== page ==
Chain Belt Company
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|Founded||Milwaukee, Wisconsin 1892|
|Christopher W. LeValley|
Chain Belt Company was a company that manufactured chain belts that replace the leather belting used to drive agricultural equipment at the time.
The company was established in Milwaukee, Wisconsin by inventor Christopher W. LeValley, who also went by C.W. Levalley, and two foundry operators, that provided him with $11,000.00 in starting capital, F.W. Sivyer and W.A. Draves. It was incorporated on February 20, 1892. The company applied the concept of chain belts on farm machinery to construction machinery and conveying equipment. Its building was formerly owned by Alonzo Pawling and Henry Harnischfeger of Pawling & Harnischfeger, which eventually became Harnischfeger Corporation.
In the 1890s the company manufactured chain-driven material handling conveyors and bucket elevators for Milwaukee breweries such as the Joseph Schlitz Brewing Company. By 1894 the company began to develop international markets, exporting chains to Europe and opening a sales office in England.
By 1913 annual sales reached $1 million. At that time the company's products were organized into three major divisions: chain products for power transmission; chain-driven construction machinery; and chain-powered bulk conveying equipment.
In 1914 it introduced the Rex brand-name, which was first used on a chain-driven concrete mixer. It soon became a widely recognized trademark.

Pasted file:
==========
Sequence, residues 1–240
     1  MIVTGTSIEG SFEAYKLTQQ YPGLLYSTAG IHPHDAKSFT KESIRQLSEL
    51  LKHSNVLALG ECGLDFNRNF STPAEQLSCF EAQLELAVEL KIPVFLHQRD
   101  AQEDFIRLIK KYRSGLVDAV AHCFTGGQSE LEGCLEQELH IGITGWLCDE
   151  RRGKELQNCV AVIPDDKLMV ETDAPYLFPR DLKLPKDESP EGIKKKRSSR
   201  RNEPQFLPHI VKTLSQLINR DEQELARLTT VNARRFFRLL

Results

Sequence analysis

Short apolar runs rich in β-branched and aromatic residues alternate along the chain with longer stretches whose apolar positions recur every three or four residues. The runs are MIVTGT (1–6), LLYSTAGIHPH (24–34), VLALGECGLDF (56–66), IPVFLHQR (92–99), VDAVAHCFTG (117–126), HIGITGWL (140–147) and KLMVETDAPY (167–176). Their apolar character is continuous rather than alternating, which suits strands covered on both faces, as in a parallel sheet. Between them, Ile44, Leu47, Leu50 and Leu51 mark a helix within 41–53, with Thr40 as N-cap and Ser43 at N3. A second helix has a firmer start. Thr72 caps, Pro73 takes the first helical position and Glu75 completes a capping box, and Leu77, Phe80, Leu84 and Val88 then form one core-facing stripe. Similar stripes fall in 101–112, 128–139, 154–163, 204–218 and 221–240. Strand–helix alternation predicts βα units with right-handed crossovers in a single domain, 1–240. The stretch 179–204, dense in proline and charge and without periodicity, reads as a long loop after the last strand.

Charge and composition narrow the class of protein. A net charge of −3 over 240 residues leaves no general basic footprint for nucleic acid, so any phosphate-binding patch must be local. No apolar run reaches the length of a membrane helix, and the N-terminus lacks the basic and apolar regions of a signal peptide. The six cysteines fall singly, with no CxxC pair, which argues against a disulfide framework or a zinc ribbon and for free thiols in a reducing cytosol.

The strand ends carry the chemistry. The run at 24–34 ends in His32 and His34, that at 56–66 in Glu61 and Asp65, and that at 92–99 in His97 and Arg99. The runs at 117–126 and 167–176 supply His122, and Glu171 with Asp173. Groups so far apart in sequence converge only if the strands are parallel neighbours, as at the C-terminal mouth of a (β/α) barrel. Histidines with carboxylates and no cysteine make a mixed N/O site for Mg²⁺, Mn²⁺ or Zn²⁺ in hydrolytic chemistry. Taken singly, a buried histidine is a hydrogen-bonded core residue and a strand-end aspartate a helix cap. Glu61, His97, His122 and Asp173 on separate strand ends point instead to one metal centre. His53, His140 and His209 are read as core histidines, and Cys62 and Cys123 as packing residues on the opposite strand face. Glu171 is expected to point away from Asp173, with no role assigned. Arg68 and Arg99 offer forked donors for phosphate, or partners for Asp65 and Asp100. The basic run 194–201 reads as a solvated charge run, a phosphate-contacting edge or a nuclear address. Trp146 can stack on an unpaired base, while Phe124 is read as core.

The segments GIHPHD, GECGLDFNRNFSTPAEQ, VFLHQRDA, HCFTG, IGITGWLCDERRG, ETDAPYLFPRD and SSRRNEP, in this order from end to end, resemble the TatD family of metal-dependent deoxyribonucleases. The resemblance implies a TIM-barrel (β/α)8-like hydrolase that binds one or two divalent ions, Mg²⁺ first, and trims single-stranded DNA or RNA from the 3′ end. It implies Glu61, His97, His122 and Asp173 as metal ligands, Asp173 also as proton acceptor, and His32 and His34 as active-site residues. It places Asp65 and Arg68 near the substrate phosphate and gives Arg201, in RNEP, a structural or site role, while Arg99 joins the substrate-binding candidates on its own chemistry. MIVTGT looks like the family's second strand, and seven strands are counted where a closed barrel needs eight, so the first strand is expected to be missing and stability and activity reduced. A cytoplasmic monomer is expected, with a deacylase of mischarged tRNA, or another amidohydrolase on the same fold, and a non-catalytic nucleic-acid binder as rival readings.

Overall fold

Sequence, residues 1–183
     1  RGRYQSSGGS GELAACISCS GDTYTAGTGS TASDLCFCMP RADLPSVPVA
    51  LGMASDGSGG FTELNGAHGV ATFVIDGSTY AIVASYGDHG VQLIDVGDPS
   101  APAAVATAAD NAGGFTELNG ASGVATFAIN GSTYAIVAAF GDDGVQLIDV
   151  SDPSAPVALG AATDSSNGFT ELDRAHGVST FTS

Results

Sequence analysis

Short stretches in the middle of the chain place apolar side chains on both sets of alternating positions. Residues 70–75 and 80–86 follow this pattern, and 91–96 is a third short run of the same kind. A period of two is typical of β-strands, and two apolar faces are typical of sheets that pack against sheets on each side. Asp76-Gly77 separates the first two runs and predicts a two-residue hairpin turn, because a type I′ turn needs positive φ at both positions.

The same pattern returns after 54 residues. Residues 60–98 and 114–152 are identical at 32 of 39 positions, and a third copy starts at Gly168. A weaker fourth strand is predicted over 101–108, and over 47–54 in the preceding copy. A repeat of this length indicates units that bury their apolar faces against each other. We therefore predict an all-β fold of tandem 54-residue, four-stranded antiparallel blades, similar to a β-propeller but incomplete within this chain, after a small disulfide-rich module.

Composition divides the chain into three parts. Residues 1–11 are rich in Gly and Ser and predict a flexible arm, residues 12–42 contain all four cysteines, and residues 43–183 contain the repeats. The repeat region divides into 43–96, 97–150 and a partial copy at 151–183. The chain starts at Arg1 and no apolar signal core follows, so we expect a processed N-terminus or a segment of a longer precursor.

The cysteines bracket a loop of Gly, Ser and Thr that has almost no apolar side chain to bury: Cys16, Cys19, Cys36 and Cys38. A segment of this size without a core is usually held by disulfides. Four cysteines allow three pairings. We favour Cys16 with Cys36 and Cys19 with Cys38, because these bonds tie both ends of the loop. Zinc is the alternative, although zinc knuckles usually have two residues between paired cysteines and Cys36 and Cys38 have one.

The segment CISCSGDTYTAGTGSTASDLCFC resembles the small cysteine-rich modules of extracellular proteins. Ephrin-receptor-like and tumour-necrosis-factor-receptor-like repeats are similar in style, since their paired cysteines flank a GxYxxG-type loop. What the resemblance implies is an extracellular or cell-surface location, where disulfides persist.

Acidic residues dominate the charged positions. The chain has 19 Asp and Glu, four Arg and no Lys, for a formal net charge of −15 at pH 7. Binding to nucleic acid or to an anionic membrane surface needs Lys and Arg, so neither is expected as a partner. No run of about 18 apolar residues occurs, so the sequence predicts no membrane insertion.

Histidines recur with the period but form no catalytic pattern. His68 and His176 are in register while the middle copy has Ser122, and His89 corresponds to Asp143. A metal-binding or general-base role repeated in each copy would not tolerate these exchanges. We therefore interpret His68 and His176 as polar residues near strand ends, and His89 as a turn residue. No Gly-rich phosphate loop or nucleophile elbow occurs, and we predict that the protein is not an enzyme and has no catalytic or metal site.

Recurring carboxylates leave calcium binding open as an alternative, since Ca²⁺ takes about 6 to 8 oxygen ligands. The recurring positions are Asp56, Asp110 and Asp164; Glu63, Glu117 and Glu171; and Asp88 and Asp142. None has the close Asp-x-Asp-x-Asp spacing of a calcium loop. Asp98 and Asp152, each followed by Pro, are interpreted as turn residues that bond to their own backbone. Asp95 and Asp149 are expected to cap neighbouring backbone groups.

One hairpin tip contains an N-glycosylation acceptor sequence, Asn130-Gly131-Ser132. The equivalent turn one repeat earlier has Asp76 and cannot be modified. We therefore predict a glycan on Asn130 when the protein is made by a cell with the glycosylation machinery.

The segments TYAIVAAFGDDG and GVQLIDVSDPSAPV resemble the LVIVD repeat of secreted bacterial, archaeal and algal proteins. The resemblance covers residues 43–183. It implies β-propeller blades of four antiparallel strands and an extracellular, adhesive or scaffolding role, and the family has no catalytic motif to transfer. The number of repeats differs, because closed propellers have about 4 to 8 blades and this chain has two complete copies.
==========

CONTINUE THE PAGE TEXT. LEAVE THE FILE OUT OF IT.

In 1941 it won the combined Army and Navy Award for Excellence in War Production.
By 1943 it was manufacturing: Rex Chain, Rex Concrete Mixers, Rex Sprockets, Rex Traveling Water Screens, Rex Elevators, and Rex Conveyors and was working on conveyor for chemicals.
By 1944 it was producing rifles, howitzers, anti-aircraft guns(rifles), tank turrets, ammunition hoists for navy vessels and turrets, tracks and gunshields for an armored vehicle called an Alligator.
By 1959 its business was involved in four distinct categories: Construction Machinery, Heavy Bulk Material Handling Systems, Mechanical Power Transmission, Sanitation and Industrial Waste Treatment Equipment.
In October 2016, Rexnord announced plans to move its bearings manufacturing plant, with its 300 union jobs and 75-80 supervisory jobs, from Indianapolis, Indiana, to Monterrey, Mexico, in June 2017. President-elect Donald Trump criticized Rexnord for firing 300-plus American employees, via Twitter on December 2, 2016.
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- Briggs, James (October 14, 2016). "Manufacturer Rexnord plans to move 300 high-paying jobs to Mexico". The Indianapolis Star. Retrieved December 4, 2016.
- "Rexnorbd officially decides to move hundreds of Indianapolis jobs to Mexico". WXIN. November 14, 2016. Retrieved December 4, 2016.
- Flores, Reena (December 3, 2016). "Donald Trump singles out another Indiana plant for moving to Mexico". CBS News. Retrieved December 4, 2016.